Farro says Cohen became his banking client in 2015

Gary Farro, formerly a senior managing director at First Republic Bank, testified that he first met Michael Cohen when Cohen became a banking client of his in 2015, after one of Farro's colleagues left the bank.

Asked why Cohen was assigned to him, Farro cited his "ability to handle individuals who might be a little challenging."

"Frankly, I didn't find him that difficult," Farro remarked.

First Republic Bank had a branch across the street from Trump Tower, where Cohen worked. Farro said Cohen frequently visited the bank and eagerly told him that he worked for Trump.

"He was a lawyer or is a lawyer. I am not sure," Farro said about Cohen, who was disbarred in 2019.

Prosecutors are now walking through First Republic Bank's policies for retaining documents. Prosecutors plan to use Farro as a custodial witness to authenticate records that will be used as evidence.

Prosecution calls Gary Farro as next witness

Following the conclusion of Rhona Graff's testimony, prosecutors called Gary Farro as their next witness.

Farro currently works at Flagstar Bank. He said he is testifying voluntarily, though he said he received a subpoena prior to his testimony.

'Thank you for handling' McDougal, Pecker says Trump told him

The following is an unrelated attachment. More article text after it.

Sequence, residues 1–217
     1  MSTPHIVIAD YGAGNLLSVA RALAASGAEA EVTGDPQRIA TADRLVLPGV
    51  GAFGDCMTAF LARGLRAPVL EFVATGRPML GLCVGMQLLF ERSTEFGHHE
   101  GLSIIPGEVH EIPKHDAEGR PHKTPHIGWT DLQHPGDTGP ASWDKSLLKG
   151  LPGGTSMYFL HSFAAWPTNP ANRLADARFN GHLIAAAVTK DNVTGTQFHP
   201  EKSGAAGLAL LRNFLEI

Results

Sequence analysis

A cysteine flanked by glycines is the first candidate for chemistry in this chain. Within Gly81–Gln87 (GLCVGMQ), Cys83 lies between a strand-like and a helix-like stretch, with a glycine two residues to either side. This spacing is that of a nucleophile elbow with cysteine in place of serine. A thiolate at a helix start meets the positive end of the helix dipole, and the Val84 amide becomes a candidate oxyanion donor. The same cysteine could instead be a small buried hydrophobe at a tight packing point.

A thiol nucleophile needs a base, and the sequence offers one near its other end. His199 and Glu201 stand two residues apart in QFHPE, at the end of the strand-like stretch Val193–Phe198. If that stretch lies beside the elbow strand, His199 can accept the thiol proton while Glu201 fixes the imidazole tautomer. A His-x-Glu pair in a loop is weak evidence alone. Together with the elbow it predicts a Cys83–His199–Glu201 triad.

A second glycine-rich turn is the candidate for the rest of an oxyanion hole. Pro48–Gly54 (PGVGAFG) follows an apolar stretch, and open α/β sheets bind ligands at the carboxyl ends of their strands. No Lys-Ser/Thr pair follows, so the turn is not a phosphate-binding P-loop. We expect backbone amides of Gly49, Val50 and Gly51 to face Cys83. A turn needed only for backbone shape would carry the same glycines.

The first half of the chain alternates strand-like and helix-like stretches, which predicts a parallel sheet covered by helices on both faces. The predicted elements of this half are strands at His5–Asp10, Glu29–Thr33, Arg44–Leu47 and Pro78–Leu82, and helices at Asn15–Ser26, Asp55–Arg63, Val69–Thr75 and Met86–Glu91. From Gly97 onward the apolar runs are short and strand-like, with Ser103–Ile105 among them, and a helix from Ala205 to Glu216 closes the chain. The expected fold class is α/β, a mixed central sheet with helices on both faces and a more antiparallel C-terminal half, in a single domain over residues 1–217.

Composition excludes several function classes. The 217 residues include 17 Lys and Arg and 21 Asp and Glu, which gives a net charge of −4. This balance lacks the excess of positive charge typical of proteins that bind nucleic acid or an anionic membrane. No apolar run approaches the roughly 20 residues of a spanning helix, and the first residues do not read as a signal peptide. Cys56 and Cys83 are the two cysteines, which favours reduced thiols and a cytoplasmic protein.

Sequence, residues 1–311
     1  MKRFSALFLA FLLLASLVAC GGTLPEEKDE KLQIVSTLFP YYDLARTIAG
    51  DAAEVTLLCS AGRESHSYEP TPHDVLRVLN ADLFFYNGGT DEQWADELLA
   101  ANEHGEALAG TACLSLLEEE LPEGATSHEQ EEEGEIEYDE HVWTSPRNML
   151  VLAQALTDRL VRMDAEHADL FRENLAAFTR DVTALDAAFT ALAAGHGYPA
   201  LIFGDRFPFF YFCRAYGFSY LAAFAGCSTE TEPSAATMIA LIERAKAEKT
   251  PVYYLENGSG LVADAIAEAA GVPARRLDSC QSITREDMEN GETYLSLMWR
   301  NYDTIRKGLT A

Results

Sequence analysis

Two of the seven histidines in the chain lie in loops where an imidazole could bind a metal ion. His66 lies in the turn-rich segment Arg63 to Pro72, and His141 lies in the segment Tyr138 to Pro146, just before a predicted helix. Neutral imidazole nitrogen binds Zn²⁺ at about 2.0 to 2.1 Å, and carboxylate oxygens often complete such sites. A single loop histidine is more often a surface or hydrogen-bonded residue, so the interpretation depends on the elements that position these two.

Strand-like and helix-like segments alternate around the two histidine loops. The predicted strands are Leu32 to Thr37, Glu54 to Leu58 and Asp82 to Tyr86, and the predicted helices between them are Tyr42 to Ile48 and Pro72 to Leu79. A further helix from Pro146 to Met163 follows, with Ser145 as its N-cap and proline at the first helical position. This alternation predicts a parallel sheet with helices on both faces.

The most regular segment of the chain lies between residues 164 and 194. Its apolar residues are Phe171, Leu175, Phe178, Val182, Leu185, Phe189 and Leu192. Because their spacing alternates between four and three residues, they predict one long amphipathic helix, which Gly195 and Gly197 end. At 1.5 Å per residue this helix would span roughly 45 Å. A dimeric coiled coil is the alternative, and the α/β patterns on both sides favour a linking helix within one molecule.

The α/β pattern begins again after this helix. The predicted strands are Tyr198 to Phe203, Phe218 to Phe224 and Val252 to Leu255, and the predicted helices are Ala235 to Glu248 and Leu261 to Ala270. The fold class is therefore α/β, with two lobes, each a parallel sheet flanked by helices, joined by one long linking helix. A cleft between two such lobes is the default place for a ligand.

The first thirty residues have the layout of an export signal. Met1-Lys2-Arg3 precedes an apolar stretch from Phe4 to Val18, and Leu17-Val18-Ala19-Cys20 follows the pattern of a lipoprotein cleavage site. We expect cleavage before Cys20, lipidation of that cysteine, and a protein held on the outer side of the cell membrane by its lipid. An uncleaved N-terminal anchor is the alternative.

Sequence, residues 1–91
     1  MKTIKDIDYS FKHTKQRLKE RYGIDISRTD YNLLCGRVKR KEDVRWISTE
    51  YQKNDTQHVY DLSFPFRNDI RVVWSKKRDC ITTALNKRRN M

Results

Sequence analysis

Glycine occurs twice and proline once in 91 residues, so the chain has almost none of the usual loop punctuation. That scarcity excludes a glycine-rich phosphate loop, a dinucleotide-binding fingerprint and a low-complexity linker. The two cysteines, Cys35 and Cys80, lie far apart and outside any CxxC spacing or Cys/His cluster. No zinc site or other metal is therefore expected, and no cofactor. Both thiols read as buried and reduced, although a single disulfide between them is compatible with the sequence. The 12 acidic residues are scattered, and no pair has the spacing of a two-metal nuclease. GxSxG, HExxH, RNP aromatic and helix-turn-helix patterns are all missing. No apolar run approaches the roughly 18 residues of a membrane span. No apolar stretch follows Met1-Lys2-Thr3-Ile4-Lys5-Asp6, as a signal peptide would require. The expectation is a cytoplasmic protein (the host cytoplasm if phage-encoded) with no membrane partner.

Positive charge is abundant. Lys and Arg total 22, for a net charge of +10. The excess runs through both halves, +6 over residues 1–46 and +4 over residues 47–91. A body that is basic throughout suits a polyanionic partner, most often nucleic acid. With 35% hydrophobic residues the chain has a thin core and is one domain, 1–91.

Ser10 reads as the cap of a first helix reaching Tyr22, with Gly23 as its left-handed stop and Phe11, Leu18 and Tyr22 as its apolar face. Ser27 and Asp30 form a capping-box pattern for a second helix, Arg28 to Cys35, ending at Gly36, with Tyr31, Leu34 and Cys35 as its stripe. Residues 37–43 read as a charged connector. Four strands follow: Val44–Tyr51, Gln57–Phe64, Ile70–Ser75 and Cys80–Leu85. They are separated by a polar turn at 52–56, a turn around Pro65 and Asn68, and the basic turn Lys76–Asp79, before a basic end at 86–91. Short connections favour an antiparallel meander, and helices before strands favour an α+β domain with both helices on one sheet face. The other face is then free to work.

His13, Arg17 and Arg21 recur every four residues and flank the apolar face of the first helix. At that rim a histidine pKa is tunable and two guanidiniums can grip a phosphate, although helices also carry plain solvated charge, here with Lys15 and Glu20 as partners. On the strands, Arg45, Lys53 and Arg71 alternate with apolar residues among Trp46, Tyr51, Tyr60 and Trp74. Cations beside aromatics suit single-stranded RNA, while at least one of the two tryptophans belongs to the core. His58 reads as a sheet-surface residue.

Former National Enquirer publisher David Pecker testified that he was twice summoned to Trump Tower in the period following the 2016 election: the first time for a meeting with Michael Cohen, and the second with Donald Trump.

The first meeting began in Cohen's office, where Cohen divulged for the first time to Pecker that he personally covered the $130,000 payment to Stormy Daniels, and that he was concerned that he would not receive a bonus from the Trump Organization, Pecker testified.

"He (Cohen) asked me to talk to the boss on his behalf to try to help him get his bonus," Pecker said, referring to Trump.

When Trump himself came into the room, Pecker asked to walk him back to his office -- and at that time, Pecker told Trump that "Michael Cohen is very concerned about his bonus for this year, and I want you to know that he's very loyal."

Trump replied that Cohen had several apartments and taxi medallions, and added, "Don't worry about it, I'll take care of it," Pecker said.

On Jan. 6, 2017, Pecker arrived at Trump Tower for a meeting with Trump and was escorted to his residence by Jared Kushner, he testified.

Pecker said he was ushered into the room, where Trump was surrounded by administration officials James Comey, Sean Spicer, Reince Priebus, and Mike Pompeo -- they were "updating Mr. Trump on the Ft. Lauderdale shooting" that had occurred at the airport there.

Pecker testified that when Trump introduced him to Trump's inner circle of advisers, Trump said of the National Enquirer publisher, "He knows more than anyone else in this room."

"It was a joke. Unfortunately, they didn't laugh," Pecker testified, which brought some laughs from reporters in the gallery. A few jurors smiled at the moment.

Pecker testified that after Trump's advisers left the room, Trump turned to him.

"He (Trump) asked me how Karen [McDougal] was doing -- how's 'our girl' doing. I said, she's writing her articles, she's quiet, things are going fine."

Trump then said, "I want to thank you for handling the McDougal situation." And then he said, "I want to thank you for the doorman situation," Pecker testified.

Pecker testified that he took this to mean that Trump was thanking him "for not publishing any of the stories and helping the way I did."